PBy Cole Dougherty ‘18
Part of Chaminade High School’s mission is to offer students activities they wouldn’t find at other schools. Among these unique opportunities is the ability to try out for the varsity riflery team. Although this sport may not attract as large a crowd as some other sports, being on this team requires just as much skill, if not more.
As with any varsity sport, becoming skilled requires daily practice. Members of the riflery team train to master command of their weapons and to perfect the techniques necessary to hit the bullseye. In league competition, the targets—positioned 33 feet away from the shooters—are printed on the borders of a 10 x 12.5 inch official NRA weight tagboard. Two practice targets are located on the center of the board; these targets can be used by shooters to warm up or as a means to calibrate their gun.
Once the shooter commits to hit one of the 10 targets on the outer portion of the target paper, he is not permitted to return to the practice targets. The rifleman completes his first round of targets and marks his score by deducting points based off how many rings away from the bullseye each shot hit. After firing a second round, the scores are added together. The team whose top four shooters’ combined total score is higher wins the match.
The Flyers shot well in their contest with Central Square on Thursday, January 19; however, it was not enough to come away with a victory. Despite the loss, Chaminade’s top four shooters had an impressive outing, with each scorer posting nearly 180 points on his own. Led by Joseph Mooney ‘17, Conor McGowan ‘17, Patrick McKenna ‘18, and captain Joseph Ferrante ’17, Chaminade earned a grand total of 718 points, narrowly losing to Central Square’s 750 points.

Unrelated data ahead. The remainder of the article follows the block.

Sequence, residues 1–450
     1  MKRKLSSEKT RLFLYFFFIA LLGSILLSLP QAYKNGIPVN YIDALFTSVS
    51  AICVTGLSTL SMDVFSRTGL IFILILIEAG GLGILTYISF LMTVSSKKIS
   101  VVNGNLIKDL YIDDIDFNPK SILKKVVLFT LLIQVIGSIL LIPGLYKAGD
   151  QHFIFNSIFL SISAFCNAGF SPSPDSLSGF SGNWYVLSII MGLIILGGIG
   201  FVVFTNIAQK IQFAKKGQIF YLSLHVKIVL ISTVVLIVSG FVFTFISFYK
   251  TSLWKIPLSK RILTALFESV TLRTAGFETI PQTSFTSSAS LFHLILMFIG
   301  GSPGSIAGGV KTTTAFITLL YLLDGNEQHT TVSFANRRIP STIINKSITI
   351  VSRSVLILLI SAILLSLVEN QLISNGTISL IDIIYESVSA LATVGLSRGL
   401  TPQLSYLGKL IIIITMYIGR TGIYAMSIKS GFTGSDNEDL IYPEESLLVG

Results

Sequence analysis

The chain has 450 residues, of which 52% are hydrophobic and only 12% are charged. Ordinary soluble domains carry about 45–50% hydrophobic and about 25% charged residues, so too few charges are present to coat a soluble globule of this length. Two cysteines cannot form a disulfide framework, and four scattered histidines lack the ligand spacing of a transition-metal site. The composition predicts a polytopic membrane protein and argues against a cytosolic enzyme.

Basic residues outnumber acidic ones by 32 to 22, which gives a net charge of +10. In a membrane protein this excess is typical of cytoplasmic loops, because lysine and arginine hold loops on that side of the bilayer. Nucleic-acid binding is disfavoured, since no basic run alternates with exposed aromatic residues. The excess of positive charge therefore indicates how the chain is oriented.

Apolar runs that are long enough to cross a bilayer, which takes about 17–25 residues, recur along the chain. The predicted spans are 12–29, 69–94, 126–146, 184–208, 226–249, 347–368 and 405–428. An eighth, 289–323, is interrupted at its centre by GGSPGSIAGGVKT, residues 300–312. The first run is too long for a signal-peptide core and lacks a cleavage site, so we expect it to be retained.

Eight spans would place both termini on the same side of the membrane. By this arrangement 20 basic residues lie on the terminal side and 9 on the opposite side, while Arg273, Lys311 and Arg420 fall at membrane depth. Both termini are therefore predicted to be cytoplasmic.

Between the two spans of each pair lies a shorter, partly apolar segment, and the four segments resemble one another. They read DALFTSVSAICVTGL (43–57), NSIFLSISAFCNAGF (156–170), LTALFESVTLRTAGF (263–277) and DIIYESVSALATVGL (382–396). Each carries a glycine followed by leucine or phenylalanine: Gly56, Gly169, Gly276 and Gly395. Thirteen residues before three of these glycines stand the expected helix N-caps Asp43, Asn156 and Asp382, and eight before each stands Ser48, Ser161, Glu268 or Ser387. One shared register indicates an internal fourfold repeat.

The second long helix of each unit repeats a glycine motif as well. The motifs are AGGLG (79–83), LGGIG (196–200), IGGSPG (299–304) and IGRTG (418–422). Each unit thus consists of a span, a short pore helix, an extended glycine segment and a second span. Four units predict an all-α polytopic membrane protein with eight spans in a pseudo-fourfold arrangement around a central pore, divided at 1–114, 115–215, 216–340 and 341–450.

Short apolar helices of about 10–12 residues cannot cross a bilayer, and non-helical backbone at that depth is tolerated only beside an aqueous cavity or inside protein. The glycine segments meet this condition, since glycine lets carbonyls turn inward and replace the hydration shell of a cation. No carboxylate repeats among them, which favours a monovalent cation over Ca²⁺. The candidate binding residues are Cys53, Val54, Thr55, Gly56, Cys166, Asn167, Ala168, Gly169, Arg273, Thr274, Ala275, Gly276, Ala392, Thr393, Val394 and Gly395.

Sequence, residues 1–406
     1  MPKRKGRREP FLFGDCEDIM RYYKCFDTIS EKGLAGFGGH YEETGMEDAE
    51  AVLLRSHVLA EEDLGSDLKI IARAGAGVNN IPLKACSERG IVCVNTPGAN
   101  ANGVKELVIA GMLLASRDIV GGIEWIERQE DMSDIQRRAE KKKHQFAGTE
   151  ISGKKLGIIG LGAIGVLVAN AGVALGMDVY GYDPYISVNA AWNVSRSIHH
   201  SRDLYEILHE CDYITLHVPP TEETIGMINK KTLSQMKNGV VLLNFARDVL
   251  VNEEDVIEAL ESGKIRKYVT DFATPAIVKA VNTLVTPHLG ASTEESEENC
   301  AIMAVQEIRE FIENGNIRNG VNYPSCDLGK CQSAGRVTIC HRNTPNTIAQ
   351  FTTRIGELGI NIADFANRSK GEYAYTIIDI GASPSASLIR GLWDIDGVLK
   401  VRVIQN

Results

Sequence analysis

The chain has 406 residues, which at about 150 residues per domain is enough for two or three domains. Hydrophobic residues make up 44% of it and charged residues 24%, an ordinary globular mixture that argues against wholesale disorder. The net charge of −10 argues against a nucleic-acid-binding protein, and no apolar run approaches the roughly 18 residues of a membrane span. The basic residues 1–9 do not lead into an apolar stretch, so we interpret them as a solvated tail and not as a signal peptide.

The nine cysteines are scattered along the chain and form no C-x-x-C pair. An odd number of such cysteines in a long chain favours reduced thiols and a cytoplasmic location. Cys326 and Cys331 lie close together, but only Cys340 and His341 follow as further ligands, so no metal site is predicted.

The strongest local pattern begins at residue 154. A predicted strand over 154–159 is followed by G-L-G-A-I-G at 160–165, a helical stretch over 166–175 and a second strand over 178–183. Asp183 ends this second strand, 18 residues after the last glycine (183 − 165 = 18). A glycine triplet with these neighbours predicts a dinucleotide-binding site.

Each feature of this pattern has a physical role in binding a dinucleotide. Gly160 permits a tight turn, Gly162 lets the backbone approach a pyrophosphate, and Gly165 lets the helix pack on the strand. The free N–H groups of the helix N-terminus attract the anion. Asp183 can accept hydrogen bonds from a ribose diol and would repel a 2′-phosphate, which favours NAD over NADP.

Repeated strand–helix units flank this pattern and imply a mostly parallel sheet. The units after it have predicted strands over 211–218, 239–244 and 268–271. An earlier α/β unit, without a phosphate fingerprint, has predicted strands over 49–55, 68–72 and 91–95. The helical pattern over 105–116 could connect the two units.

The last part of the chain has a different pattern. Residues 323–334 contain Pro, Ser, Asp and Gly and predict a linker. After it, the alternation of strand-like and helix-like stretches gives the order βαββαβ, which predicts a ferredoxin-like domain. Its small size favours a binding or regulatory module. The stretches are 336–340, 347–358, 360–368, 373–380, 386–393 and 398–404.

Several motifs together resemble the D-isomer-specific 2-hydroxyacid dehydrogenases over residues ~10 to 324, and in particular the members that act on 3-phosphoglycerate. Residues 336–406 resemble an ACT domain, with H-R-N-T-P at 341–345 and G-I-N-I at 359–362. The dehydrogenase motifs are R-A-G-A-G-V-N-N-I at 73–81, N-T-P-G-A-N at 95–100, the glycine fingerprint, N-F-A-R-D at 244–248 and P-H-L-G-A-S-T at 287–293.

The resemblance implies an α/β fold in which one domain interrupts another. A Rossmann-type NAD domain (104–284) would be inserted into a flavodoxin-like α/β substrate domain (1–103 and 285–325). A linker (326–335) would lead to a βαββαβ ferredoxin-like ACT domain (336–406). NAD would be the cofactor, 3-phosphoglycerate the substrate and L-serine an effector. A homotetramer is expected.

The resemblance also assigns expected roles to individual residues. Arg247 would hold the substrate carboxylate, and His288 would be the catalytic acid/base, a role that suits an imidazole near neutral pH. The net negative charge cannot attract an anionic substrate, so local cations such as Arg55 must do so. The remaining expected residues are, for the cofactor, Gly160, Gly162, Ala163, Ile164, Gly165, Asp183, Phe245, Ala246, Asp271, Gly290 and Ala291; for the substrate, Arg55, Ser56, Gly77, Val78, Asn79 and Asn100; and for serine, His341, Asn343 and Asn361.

The riflery team at Central Square High School has been the only team to defeat the Flyers so far this season and is one of few opponents the Flyers do not visit for matches. These contests, called postals, tend to be against very talented programs. “When facing a team like Central Square,” says Head Coach Larry Rice, “the type of competition is definitely on a higher level. They’re a skillful group of shooters, but with our talent, we are capable of being right there with them.”
Although the ultimate goal is to win every match, losing close matches like this does more help than harm for the Flyers. It leaves the team hungry for redemption, gives them a reason to work harder in practice, and instills in them a fury to come out “guns blazing” when they square off against Willsboro on January 31.
Edited by Sean Maleady